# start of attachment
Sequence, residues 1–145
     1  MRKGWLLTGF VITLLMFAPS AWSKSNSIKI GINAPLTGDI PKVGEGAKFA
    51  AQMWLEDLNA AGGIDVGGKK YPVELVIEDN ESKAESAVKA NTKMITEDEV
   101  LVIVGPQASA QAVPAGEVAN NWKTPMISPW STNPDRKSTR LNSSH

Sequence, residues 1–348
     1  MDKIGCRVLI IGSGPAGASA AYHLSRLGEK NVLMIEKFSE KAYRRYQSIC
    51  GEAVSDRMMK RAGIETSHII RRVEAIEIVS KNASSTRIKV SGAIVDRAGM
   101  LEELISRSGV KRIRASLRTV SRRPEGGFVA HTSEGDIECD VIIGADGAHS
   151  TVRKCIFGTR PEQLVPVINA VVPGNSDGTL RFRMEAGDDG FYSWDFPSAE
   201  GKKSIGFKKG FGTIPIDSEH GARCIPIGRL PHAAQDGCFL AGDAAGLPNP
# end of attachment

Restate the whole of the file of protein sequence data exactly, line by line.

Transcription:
Sequence, residues 1–145
     1  MRKGWLLTGF VITLLMFAPS AWSKSNSIKI GINAPLTGDI PKVGEGAKFA
    51  AQMWLEDLNA AGGIDVGGKK YPVELVIEDN ESKAESAVKA NTKMITEDEV
   101  LVIVGPQASA QAVPAGEVAN NWKTPMISPW STNPDRKSTR LNSSH

Sequence, residues 1–348
     1  MDKIGCRVLI IGSGPAGASA AYHLSRLGEK NVLMIEKFSE KAYRRYQSIC
    51  GEAVSDRMMK RAGIETSHII RRVEAIEIVS KNASSTRIKV SGAIVDRAGM
   101  LEELISRSGV KRIRASLRTV SRRPEGGFVA HTSEGDIECD VIIGADGAHS
   151  TVRKCIFGTR PEQLVPVINA VVPGNSDGTL RFRMEAGDDG FYSWDFPSAE
   201  GKKSIGFKKG FGTIPIDSEH GARCIPIGRL PHAAQDGCFL AGDAAGLPNP